Transcription factors act downstream of Akt activation to regulate gene expression. The Akt pathway activates several transcription factors, including nuclear factor κB (NF-κB), Forkhead box O (FOXO) proteins, and mammalian target of rapamycin complex 1 (mTORC1). These transcription factors control the expression of genes involved in cell survival, proliferation, and metabolism.

Translation regulation is another important aspect of the Akt pathway. Akt activates the protein synthesis machinery by phosphorylating and inhibiting the activity of glycogen synthase kinase-3β (GSK3β). This leads to the activation of the translation initiation factor eIF-4E and subsequently enhances the translation of specific mRNAs involved in cell growth and survival.

Ubiquitin-related molecules play a role in regulating the Akt pathway through protein degradation. Activation of the Akt pathway inhibits glycogen synthase kinase-3β (GSK3β), leading to the stabilization and accumulation of β-catenin. β-catenin then enters the nucleus and forms a complex with the T-cell factor/lymphoid enhancer factor (TCF/LEF) transcription factors. This complex regulates the expression of genes involved in cell proliferation and survival.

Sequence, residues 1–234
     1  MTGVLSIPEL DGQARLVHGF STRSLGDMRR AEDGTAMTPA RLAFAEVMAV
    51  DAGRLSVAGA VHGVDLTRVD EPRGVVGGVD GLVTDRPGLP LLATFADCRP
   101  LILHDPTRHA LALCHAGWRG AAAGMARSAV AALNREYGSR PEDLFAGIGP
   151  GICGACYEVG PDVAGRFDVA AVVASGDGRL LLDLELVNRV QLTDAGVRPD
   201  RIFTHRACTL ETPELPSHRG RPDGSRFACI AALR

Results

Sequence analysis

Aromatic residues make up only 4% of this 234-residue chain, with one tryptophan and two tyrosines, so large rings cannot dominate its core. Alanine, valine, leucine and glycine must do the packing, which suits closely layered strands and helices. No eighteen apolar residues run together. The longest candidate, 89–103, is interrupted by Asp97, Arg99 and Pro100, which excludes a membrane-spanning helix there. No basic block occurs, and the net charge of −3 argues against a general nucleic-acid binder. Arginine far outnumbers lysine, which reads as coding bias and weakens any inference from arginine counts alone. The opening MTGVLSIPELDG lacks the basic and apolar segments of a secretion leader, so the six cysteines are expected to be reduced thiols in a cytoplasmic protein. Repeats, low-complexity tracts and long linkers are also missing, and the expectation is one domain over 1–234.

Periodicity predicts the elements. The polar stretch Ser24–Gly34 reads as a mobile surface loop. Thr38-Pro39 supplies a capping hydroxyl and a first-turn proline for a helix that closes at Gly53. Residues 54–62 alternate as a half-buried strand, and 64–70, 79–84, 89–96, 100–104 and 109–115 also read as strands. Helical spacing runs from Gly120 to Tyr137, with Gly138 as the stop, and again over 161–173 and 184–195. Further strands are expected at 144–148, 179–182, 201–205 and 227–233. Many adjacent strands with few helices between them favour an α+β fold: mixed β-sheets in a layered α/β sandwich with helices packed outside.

Research Tools for Akt Pathway

At Creative BioMart, we understand the importance of having high-quality research tools to study the Akt pathway and its associated molecules, so we offer a variety of recombinant proteins, cell and tissue lysates, protein pre-coupled beads, and other products to help researchers better understand the Akt pathway and its role in various cellular processes.